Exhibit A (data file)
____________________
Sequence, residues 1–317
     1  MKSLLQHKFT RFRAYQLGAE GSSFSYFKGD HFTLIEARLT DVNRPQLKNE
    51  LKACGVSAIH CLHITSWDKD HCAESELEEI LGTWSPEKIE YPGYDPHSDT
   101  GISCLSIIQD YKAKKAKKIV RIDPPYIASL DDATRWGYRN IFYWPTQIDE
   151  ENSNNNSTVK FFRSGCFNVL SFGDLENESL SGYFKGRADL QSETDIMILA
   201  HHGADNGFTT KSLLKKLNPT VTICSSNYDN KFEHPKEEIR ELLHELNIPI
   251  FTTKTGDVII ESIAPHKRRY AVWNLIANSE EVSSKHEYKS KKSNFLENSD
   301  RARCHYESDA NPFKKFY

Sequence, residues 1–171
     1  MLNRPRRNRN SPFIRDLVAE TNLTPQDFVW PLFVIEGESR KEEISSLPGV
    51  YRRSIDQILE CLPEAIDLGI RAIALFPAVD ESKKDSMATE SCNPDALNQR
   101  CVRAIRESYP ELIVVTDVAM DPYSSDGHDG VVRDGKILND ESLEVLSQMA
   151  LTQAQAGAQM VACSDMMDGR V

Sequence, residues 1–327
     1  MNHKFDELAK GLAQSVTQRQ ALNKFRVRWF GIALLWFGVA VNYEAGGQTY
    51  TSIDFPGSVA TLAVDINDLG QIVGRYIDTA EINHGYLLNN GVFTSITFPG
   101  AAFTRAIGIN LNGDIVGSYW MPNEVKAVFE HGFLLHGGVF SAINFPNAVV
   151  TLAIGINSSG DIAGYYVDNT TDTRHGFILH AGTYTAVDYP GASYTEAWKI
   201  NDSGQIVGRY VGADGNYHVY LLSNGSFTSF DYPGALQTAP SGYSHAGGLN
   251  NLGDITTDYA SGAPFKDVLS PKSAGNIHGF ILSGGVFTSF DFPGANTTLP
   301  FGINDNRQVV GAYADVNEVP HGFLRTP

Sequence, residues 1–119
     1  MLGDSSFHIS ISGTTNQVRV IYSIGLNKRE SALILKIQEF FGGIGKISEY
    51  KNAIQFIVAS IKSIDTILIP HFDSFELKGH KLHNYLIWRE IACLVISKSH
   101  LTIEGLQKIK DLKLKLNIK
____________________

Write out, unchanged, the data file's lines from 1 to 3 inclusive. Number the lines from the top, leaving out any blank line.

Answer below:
Sequence, residues 1–317
     1  MKSLLQHKFT RFRAYQLGAE GSSFSYFKGD HFTLIEARLT DVNRPQLKNE
    51  LKACGVSAIH CLHITSWDKD HCAESELEEI LGTWSPEKIE YPGYDPHSDT